Staff Corner – Greg Spires - Teaching Pastor
“Calvin and Hobbes” was one of the most popular newspaper comic strips of all time. On one occasion, Calvin, a precocious 6-year-old, walks up to his mom and asks for a cigarette.
“Sure,” she answers, “I think your grandfather left some here. Just be sure to smoke outside.”
Stunned at her answer, Calvin gleefully saunters outside with a cigarette in his mouth and is greeted by his tiger, Hobbes. Hobbes is surprised, and Calvin notes that “For a mom, sometimes she’s pretty cool.”
Calvin takes a long drag off his lit cigarette and is soon hacking and coughing uncontrollably.
His mom steps out and asks, “Did we learn a lesson today?”
Calvin made a simple mistake, and his mom let him discover his error through life experience. His mistake was he assumed he knew what he wanted. He wanted to smoke because he thought it would be pleasurable. But Calvin didn’t know enough to know what he wanted.
The Bible says this is true of all of us – we don’t know enough to know what we want, so God gave us over to ignorant pursuits. Romans 1:28 says, “And since they did not see fit to acknowledge God, God gave them up to a debased mind to do what ought not to be done.”
God created us to live in close relationship with Him. We were designed to desire God, above all else. In rebellion, we decided to reject God and pursue any other appetite other than a desire to worship, know, and love God. The Bible says that God allowed us to do just that.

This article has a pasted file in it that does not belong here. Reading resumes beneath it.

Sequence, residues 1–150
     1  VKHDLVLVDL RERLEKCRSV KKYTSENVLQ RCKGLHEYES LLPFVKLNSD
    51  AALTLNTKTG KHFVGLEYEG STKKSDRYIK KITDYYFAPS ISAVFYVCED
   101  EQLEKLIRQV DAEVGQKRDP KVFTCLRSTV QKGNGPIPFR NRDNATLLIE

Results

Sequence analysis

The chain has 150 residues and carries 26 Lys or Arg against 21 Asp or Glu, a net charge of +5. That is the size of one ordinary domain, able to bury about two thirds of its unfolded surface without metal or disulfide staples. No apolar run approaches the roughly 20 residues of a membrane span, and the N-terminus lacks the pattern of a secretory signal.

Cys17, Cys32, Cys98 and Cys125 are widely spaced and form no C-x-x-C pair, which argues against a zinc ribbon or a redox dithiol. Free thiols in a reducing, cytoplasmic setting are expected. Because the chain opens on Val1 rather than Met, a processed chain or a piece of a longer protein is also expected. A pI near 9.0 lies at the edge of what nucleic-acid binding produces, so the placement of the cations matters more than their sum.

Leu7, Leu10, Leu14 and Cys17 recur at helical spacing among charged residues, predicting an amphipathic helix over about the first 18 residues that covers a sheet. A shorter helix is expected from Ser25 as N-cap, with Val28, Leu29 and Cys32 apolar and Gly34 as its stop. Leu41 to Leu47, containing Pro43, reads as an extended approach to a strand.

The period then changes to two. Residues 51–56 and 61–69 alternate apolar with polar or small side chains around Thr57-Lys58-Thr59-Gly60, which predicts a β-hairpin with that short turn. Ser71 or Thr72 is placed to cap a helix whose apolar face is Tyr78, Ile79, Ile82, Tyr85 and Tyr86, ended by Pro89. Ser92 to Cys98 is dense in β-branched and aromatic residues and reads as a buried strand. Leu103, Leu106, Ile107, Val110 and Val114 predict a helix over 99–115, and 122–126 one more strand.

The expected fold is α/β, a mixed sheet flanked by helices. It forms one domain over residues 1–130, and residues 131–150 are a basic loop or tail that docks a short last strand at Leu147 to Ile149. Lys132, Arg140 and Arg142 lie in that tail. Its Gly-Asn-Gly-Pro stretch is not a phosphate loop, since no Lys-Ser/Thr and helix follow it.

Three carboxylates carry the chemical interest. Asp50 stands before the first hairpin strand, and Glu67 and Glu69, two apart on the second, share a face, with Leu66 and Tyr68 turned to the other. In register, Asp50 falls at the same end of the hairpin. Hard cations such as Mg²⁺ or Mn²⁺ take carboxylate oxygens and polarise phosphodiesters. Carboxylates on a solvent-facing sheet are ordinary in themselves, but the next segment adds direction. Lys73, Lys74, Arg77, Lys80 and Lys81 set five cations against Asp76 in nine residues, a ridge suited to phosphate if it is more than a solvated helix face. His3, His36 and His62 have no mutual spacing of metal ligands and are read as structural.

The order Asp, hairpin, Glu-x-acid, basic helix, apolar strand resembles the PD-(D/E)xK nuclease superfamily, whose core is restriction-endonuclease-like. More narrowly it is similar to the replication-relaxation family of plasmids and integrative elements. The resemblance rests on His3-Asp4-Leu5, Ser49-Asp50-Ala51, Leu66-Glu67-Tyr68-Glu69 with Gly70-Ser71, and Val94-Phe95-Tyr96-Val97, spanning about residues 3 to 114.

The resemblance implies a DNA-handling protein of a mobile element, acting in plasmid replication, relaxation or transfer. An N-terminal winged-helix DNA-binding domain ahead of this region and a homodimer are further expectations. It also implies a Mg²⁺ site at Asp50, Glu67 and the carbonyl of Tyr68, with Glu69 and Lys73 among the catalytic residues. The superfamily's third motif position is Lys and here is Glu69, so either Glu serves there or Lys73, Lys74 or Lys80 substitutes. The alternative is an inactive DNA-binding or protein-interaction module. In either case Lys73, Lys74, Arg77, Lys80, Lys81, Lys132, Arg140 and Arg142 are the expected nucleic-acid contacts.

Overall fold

And, like Calvin smoking his first cigarette, we have been sick and dissatisfied ever since.
In our rebellion, though, we blame God for our dissatisfaction. Our desires would satisfy us if God weren’t such a killjoy, we assume. We spend our days chasing satisfaction in innumerable ways: adventure, entertainment, possessions, relationships, accomplishments, and leisure. When these pursuits fail to satisfy (or the satisfaction they offer is short-lived), we blame God for leaving us unfilled.
God is making this point by leaving us to our headlong pursuit of pleasure: that we would finally discover He is the only one who can provide the satisfaction we desire.
One of the most important ways we can worship the Lord is by recognizing that God knows better what will satisfy us than we do. One of the results of our rebellion against God is our appetites have become twisted. We long for things that will not satisfy, and we do not hunger for the one thing that will: relationship with God.
Thankfully, because of Jesus’ victory on the cross and the power of His resurrection, we can set aside obedience to our own passions. Because Jesus lives within us by His Spirit, we have the power to seek God once again. The beauty of life in Jesus is we can finally enjoy satisfaction. It takes faith, but the satisfaction we have in relationship with God through Jesus surpasses by far the empty pursuits of our old passions.
It is worth evaluating where our dissatisfactions are found. We tend to think we will be satisfied if we could have what we want. However, we will only be satisfied when we have the Lord most fully. God is glorified, and we are satisfied when we worship Him by setting aside our desires and seek to be satisfied by Him.
I look forward to being with you this Sunday as we celebrate the work of God in Jesus Christ together! This Sunday, we will be seeking God through His Word in Romans 1:18-32.
Praying with you,